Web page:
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The USA PATRIOT Act and the Ashton Lundeby Case. This might have started off as just a joke, but after the occurrences of January and February of 2009, what occurred in the life of 16-year-old Ashton Lundeby, of Oxford, NC, was considerably less than the enjoyable experience he had expected. Lundeby was "suspected to have enabled web gamers to charge tuition to listen to and monitor police reactions to bomb threats at Purdue University and other colleges, including the University of North Carolina at Chapel Hill, Clemson University and Florida State University," according to accounts by WRAL in Raleigh NC by Kelly Gardner (2009). Lundeby also made fake bomb scare calls to the University of North Carolina at Chapel Hill, Clemson University and Florida State University.” Lundeby also made hoax bomb threat calls to the FBI offices in Monroe, LA and Pueblo, CO (Federal Bureau of Investigation, 2011) which prompted the FBI to track him down and arrest him on the night of March 5, 2009 (Gardner, 2009). Even though Ashton Lundeby was a minor at the time and in general not legally responsible for his actions, he was legally arrested for committing terrorist-related crimes under the USA PATRIOT Act because he used the Internet to call in hoax bomb threats to several colleges and universities and also called FBI offices with hoax bomb threats.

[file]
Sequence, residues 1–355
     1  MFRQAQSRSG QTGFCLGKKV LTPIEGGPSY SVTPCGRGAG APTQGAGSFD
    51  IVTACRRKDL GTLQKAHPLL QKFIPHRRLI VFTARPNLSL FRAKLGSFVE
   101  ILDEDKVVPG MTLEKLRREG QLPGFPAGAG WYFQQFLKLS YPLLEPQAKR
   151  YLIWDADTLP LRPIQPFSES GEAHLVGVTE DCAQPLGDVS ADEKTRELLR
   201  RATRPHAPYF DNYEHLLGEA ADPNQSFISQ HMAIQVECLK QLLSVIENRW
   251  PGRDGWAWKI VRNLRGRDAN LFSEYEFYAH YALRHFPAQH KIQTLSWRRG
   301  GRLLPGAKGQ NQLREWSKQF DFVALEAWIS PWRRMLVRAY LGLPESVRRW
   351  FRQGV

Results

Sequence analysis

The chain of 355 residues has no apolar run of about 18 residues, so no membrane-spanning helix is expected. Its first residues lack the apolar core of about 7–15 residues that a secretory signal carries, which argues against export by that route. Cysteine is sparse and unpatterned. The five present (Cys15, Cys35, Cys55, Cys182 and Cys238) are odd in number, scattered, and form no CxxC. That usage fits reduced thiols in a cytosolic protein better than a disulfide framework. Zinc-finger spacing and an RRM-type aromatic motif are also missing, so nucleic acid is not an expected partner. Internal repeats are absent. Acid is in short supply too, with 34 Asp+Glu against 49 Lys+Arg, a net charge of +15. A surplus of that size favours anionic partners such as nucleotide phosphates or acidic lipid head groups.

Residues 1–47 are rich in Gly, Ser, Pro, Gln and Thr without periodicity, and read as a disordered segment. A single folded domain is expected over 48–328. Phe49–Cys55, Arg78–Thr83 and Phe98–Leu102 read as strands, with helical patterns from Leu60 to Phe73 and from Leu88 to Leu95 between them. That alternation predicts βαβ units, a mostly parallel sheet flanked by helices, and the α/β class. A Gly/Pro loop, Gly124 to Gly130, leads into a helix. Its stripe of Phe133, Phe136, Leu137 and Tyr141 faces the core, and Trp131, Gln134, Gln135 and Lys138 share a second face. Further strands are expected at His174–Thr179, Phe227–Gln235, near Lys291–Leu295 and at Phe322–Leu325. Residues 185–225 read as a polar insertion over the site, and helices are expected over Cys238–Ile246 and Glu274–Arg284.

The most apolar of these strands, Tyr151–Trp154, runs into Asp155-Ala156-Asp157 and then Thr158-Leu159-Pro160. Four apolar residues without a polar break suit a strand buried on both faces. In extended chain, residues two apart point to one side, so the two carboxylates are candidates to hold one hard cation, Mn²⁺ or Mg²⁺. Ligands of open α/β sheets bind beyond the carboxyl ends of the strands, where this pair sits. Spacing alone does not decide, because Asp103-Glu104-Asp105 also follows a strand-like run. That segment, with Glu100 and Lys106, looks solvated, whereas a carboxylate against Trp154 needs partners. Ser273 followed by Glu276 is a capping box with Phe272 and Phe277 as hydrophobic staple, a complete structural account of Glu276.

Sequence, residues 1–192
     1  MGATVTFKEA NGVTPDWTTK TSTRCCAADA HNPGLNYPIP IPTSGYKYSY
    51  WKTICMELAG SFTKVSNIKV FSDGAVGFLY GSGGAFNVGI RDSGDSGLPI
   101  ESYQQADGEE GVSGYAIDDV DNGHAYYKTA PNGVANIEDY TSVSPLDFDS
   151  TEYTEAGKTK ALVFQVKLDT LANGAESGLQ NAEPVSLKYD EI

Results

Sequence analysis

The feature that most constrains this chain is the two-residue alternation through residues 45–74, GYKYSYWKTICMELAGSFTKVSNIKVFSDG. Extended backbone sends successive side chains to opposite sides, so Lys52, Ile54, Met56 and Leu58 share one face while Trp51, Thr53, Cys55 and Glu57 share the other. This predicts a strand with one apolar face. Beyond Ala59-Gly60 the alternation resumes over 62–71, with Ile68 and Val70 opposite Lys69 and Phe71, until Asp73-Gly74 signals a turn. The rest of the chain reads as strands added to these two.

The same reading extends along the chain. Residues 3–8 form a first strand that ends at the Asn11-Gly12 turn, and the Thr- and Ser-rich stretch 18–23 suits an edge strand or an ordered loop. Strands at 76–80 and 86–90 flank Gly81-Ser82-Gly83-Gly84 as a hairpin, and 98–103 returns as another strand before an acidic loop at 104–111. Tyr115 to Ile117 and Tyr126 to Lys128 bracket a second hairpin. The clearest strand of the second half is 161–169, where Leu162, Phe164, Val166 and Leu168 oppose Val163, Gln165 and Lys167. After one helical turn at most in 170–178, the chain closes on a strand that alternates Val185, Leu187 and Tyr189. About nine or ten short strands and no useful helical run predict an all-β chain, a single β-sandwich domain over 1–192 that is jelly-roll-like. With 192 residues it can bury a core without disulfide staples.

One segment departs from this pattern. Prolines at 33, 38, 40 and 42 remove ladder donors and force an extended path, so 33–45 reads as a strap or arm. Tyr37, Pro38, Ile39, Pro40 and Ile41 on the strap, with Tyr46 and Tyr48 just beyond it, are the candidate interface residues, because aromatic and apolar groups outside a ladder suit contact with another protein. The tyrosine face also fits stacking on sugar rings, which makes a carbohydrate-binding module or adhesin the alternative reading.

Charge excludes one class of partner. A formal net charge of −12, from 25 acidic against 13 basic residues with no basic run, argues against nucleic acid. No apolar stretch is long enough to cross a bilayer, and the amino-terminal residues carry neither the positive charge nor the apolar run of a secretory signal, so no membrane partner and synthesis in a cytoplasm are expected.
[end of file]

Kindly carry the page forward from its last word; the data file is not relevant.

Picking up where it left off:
On March 5, 2009 at 10pm, the FBI executed a search warrant on the home of Ashton Lundeby confiscating “a computer, a cell phone, gaming console, routers, bank statements and school records, according to federal search warrants” (Gardner, 2009). Such searches were authorized by the USA PATRIOT Act under Title 18 U.S.C. 2516 (Authorization for interception of wire, oral, or electronic communications) to investigate suspected acts of terrorism within U.S. borders (U.S. Government Publishing Office, 2011). Lundeby’s mother, Annette, initially claimed that they were at church on the night of February 12th and that “someone had hacked Ashton’s IP address and was using it to make crank calls connected through the Internet, making it look like the calls had originated from her home when they did not” (Gardner, 2009). Lundeby was charged with “conspiracy to commit one or more offenses against the United States by willfully making threats and maliciously conveying false information concerning attempts to kill, injure, or intimidate individuals and to unlawfully damage or destroy buildings by means of fire or explosives” (Federal Bureau of Investigation, 2011) to which he plead guilty in federal court in Indiana (Burns, 2009) and was sentenced to time served and “ordered to pay $29,276.55 restitution at a rate of at least $25 per month in order to reimburse the agencies that scrambled to react to the threats” (Columbia Broadcasting Company, Inc., 2011).